Although many people like to plan for an early retirement, in a financial sense, it may not be the wisest decision. The reason is that there are several financial benefits gained by a person when retiring at the full retirement age, which is generally accepted as 65 years. Thus, even with a generous early retirement plan, it may be worthwhile to look at the financial benefits of early retirement and the retirement at the age of 65 years as a whole.
Determine the full retirement age
Before considering the financial reasons for retiring at the age of 65, one needs to verify whether his or her full retirement age is 65 years, 67 years of falls in between. In general, if the person was born in 1937 or earlier, the full retirement age is 65 years, and when the person was born in 1960 or later, the age of full retirement is 67. However, when the person was born between 1938 and 1959, the retirement age could fall between 65 and 67 years. Once the full retirement age is determined, it is possible to calculate the financial benefits of retiring at this age against retiring at an earlier date.
Deduction of retirement benefits when withdrawing funds early
One of the main aspects that needs to be looked into in relation to retiring at the age of 65 as against retiring early is the reduction in the social security benefits when such funds are withdrawn earlier. As a worker is entitled to withdraw social security benefits from the age of 62 years, it is natural for anyone to think of using the opportunity as early as possible without considering the consequences it might have in the long run. According to analysts, a person starting to withdraw funds from a retirement benefit scheme at the full retirement age could financially support almost double the time than a person starting to withdraw funds at an earlier age. Thus, it is necessary for a person contemplating early retirement to calculate the actual deduction from his or her retirement benefit, before deciding on withdrawing funds early.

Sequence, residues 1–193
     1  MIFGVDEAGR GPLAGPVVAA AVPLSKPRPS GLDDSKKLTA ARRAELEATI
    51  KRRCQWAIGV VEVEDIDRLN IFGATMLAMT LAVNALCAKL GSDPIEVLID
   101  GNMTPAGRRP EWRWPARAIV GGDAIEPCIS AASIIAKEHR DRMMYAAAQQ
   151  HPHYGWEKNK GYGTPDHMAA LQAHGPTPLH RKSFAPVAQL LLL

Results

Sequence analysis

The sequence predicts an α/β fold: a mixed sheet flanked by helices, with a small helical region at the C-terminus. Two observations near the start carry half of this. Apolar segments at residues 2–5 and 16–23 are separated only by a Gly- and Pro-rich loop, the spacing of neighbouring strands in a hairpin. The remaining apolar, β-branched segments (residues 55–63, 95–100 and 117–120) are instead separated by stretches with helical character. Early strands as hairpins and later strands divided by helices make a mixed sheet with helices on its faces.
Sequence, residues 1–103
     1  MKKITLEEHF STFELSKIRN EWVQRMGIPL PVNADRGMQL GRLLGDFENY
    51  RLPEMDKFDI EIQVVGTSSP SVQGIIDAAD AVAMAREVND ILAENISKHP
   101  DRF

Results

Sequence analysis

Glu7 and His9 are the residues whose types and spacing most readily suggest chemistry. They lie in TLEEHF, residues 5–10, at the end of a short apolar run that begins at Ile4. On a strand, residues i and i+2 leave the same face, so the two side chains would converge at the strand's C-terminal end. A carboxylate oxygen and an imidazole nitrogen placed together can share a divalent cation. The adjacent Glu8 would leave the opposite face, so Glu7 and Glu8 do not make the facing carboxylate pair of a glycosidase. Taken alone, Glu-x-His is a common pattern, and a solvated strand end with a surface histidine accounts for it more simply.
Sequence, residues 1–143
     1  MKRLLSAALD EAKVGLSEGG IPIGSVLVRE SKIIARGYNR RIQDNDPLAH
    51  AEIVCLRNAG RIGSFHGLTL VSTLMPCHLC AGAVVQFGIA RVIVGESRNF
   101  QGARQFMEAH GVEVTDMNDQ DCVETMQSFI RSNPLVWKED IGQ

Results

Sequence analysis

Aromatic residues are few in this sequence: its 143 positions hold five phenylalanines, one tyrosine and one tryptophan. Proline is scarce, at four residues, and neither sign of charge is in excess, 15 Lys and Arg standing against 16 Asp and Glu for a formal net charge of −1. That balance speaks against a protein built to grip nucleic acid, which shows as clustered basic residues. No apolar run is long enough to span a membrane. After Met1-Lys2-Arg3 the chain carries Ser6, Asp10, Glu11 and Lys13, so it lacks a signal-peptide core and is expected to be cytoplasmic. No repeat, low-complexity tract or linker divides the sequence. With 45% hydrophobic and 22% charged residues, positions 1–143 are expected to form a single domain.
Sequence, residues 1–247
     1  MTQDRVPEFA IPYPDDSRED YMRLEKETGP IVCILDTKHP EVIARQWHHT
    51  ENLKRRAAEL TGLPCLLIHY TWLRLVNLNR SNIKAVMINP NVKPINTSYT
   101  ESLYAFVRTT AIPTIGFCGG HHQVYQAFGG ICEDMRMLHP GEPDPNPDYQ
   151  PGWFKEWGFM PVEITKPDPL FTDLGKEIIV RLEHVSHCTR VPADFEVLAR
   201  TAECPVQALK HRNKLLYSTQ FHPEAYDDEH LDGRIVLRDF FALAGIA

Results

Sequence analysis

Effect on the retirement benefits by the continued earnings
Another aspect that needs consideration is the influence made by continued income on retirement benefits after an early retirement. For the year 2010 and 2011, a person retiring early can earn up to $14,160 per annum without being subjected to deductions in his or her social security benefits. However, once the earnings pass this limit, the social security benefits will be deducted according to the person’s age. Thus, when making a decision to retire earlier than the full retirement age, one should take time to calculate the actual income for the period up to the full retirement, and estimate the probable loss from the retirement benefits. However, it should be remembered that, once the person reaches the full retirement age and retires, the person could earn any amount without having any deductions from his or her retirement benefits.
Effect on the spouses benefits
Apart from these two issues, retiring early can have an impact on the spouses’ benefits as well. The reason being that, the spouse may not be able to receive the full amount of entitled social security benefits as funds have already been withdrawn partially and the deductions have lessen the already depleted retirement fund.
When looking at these aspects, it is understandable that retiring early could be financially less rewarding than retiring at the full retirement age which is 65 years of age. Therefore, it is best to add up the numbers and determine the actual loss before making a decision to retire early.